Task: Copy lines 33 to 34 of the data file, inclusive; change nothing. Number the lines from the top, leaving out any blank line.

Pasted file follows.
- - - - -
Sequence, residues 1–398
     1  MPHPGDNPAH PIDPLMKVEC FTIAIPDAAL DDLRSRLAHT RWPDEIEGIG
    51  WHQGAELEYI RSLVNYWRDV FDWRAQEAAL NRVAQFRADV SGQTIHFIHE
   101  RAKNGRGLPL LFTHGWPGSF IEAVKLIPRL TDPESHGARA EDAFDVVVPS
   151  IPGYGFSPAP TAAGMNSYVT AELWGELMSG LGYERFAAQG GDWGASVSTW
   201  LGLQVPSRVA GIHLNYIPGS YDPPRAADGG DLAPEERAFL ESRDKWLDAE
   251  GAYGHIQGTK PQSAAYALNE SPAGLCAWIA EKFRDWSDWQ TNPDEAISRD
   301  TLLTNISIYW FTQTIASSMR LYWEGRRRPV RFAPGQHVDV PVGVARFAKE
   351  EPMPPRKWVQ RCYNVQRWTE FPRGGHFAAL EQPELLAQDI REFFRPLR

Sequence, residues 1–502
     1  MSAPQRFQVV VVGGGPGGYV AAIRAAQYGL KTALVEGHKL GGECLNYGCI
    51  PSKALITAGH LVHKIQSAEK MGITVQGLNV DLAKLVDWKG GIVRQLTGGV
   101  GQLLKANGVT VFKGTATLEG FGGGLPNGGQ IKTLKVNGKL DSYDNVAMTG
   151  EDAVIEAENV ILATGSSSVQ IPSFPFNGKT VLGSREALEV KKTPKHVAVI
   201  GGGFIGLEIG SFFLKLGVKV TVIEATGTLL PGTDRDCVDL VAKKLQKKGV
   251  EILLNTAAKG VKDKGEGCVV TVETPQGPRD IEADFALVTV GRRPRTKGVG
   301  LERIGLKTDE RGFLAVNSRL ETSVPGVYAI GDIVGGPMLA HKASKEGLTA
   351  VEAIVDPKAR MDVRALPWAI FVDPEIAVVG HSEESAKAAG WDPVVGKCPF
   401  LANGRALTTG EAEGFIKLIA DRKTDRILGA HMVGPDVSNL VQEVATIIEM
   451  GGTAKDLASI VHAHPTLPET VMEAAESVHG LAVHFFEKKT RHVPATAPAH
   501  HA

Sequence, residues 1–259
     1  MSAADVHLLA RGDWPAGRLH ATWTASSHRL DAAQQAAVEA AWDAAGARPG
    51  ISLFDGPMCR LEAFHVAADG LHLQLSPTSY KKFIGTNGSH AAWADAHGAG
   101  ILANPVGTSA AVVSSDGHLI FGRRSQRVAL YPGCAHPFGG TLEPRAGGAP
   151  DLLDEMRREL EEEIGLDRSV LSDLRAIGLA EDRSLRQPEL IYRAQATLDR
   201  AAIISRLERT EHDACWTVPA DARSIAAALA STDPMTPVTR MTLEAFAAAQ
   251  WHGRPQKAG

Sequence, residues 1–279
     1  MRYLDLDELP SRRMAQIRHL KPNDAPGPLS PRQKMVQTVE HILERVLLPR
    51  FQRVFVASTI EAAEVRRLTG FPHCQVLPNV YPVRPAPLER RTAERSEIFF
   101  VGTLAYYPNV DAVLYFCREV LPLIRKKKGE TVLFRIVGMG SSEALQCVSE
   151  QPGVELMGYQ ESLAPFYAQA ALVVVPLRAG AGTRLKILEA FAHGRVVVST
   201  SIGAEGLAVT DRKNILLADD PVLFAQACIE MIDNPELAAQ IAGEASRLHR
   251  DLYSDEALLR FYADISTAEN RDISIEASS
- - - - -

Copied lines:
   151  QPGVELMGYQ ESLAPFYAQA ALVVVPLRAG AGTRLKILEA FAHGRVVVST
   201  SIGAEGLAVT DRKNILLADD PVLFAQACIE MIDNPELAAQ IAGEASRLHR